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Ecclesiastes 8-12; Matthew 17

The righteous and the wise and their deeds are in the hand of God. Eccl 9:1

Wisdom is better than weapons of war, but one sinner destroys much good. Eccl 9:18

Life is unpredictable, and at times irrational, inconsistent. We try to find logical reason for the evil that exists and the bad that happens.

Why do “bad” things happen to “good” people? (Seriously, try making sense of the crucifixion to the disciples in the midst of it)

Why do “good” things happen to “bad” people? (And, the prosperity of Rome?)

I’ve been wrestling with the fallout of evil in our church in recent months. A pastor unchecked, money spent without accountability, leadership defending unbiblical decisions.

So hard. So much hurt. In the headlines, and not just local. So, not only do we wrestle with how to move forward personally and as a church, we wrestle with explaining this mess to our unbelieving friends and co-workers.

A stark reminder that sin still haunts us as long as we walk this earth.

The writer of Ecclesiastes also tried to make sense of these types of illogical happenings. In the end, it all comes back to obedience and trusting God for the outcome.

The end of the matter; all has been heard. Fear God and keep his commandments, for this is the whole duty of man. For God will bring every deed into judgment, with every secret thing, whether good or evil. Eccl 12:13, 14

I can rest in Him. He knows it all. Unsurprised by it all. Already paid the ultimate price, and now patiently waiting for the right time and still actively at work in the waiting.

Lord, it doesn’t make sense, but it doesn’t need to. Help me trust unconditionally and keep obeying and following You regardless of outcome or what happens around me. You are good, and I will praise You. In Jesus Name, Amen


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Ecclesiates 6-7; Psalms 18; Matthew 16

June used to be my favorite month. But in recent years, June is when all the bad things seem to happen in our family. So now it kind of keeps me on edge.  Five years ago my husband had mayor surgery. It was a physical strain on him and an emotional strain on me and our children.  Then, four years ago my parents were in a head on collision. My dads truck was totaled and my mom broke a few fingers.  Finally, three years ago my grandfather passed away and my husband lost his job the very next day. We spent the rest of the summer daily trusting that another job was on its way.
I can look back at all of these June’s with bitterness or I can choose to realize that God was faithful through them all. I can look back and be grateful for the trials as they made me grow and lean on Him more. Today’s readings provide passages that reflect my sentiments.
  • “Sorrow is better than laughter, for by sadness of face the heart is made glad.” (Ecclesiastes 7:3 ESV)
  • “In my distress I called upon the Lord; to my God I cried for help.  From His temple He heard my voice, and my cry to Him reached His ears.” (Psalms 18;6 ESV)
  • This God- His way is perfect; the word of the Lord proves true; He is a shield for all those who take refuge in Him.” (Psalms 18:30 ESV)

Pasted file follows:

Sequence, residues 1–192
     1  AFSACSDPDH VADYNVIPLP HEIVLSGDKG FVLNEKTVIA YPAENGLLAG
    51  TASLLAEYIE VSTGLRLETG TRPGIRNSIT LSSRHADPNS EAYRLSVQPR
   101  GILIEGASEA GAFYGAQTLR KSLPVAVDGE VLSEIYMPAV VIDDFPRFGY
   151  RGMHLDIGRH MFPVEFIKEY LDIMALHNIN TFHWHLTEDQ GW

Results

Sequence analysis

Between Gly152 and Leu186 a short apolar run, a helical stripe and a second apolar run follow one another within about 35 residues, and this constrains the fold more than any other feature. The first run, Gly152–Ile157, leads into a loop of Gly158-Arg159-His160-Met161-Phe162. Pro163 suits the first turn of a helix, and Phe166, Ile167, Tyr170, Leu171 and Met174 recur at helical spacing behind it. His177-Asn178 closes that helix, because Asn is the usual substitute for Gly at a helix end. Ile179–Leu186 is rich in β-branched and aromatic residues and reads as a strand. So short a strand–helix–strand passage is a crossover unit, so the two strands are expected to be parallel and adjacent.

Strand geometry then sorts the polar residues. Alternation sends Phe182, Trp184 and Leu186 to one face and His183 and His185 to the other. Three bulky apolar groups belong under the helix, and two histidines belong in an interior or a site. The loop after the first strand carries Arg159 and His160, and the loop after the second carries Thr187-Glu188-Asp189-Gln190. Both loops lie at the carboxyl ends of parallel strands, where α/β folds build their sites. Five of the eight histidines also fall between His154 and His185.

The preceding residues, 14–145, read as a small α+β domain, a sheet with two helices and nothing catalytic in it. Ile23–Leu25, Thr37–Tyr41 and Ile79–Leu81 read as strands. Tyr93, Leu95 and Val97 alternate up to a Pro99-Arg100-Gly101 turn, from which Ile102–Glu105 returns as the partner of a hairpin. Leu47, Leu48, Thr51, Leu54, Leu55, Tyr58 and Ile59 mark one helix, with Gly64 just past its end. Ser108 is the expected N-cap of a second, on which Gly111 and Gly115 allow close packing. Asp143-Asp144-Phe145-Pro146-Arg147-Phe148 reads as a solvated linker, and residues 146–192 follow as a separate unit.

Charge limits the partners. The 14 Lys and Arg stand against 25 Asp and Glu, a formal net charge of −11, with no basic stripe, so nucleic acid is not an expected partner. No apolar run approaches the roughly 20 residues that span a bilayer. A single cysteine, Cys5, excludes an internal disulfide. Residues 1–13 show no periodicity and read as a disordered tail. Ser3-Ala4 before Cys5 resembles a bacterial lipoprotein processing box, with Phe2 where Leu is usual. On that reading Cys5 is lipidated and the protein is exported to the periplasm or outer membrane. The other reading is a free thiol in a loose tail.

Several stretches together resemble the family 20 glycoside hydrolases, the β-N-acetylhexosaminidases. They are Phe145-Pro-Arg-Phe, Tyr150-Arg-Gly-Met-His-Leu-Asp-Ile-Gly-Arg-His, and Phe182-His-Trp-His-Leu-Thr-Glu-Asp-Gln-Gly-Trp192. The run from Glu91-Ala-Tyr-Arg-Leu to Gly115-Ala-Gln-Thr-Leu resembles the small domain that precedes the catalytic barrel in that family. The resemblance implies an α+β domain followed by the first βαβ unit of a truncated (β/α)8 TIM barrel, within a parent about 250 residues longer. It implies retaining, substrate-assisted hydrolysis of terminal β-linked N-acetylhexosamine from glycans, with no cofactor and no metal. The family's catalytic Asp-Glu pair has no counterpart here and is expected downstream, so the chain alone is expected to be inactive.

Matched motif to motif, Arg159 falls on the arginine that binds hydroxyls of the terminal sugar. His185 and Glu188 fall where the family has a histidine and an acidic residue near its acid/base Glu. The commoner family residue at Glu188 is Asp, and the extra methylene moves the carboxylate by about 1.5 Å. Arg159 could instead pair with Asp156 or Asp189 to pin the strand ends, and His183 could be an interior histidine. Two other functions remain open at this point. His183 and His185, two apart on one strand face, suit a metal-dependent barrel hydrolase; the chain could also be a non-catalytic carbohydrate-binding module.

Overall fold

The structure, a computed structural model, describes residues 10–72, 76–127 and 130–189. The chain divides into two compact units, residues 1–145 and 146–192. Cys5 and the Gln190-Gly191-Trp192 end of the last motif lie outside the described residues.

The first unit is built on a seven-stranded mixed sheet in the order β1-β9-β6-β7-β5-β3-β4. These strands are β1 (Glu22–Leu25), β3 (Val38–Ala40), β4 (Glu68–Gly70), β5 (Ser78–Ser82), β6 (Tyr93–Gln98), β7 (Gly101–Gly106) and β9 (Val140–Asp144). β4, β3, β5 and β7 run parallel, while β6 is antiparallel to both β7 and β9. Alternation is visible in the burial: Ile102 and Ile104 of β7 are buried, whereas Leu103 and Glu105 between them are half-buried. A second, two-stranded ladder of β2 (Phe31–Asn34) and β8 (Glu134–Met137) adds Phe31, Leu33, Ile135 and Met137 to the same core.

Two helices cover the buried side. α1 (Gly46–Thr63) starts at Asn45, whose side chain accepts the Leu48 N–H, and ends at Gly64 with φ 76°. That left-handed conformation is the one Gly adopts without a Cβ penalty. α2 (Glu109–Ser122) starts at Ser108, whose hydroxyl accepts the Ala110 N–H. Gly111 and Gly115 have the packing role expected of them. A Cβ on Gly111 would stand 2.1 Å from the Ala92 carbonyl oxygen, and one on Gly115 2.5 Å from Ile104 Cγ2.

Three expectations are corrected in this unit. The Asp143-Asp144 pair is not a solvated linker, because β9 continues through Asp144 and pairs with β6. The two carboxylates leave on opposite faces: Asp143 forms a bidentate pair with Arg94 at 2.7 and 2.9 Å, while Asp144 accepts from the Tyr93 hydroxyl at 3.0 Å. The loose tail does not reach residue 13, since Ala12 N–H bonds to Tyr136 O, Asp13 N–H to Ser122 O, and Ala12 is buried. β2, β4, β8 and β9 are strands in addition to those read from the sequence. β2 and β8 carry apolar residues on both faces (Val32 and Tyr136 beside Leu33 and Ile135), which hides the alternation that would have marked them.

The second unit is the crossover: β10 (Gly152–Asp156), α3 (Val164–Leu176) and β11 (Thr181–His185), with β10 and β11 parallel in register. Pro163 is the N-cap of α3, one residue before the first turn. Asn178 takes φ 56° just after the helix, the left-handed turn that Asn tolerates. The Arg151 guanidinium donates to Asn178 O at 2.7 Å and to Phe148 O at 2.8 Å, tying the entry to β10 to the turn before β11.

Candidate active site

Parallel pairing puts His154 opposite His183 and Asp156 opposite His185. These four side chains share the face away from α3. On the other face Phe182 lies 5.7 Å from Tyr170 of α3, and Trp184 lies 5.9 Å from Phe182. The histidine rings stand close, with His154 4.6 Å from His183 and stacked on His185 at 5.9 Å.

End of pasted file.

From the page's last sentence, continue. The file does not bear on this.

• Then Jesus said to His disciples, ‘If anyone would come after Me, let him deny himself and take up his cross and follow me.  For whoever would save his life will lose it, but whoever loses his life for My sake will find it.” (Matthew 16:24-25 ESV)

Lord, we cry to You in our distress.  You are always right there.  Trials give us the closeness that we would never have if everything was perfect.  We give up our lives to follow You because its then that we truly DO have life.  Help us to always remember your faithfulness.



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Proverbs 31; Ecclesiastes 1-2; Matthew 14

What a great reading today – sets the tone for the day. The ideal woman is described through her activity as a wife. I was reading that the traditional hymn sung praising the mighty deeds of a warrior was transposed to extol a heroic wife – the focus on her exploits. As beautiful as all of this is, nothing really matches the words from her children and her husband as they praise her. What a portrait of a household ruled by Woman Wisdom and if you will, the home of those she has discipled. I love calling my wife a woman of wisdom.

Her children rise up and call her blessed;
her husband also, and he praises her:  – Proverbs 31:28  ESV

The man of wisdom himself, Solomon, takes the idea of being transparent seriously. I have so much to learn from him in this area.  I notice whenever he uses the word “you” in advice or warning, he actually sounds like he is speaking to himself. While he is talking to himself about things he should be doing, he finds himself not doing it. Have to remind myself not to do that when I am preaching.

The words of the Preacher,[a] the son of David, king in Jerusalem. – Ecclesasties 1:1  ESV

No matter what my need is, Jesus comes to me in my hour of need. He is watching over me even when I cannot see Him. The storm and the miracle of walking on water is a great picture of what Jesus still does in my life when I am sailing through my own storms which happen in the dark so often.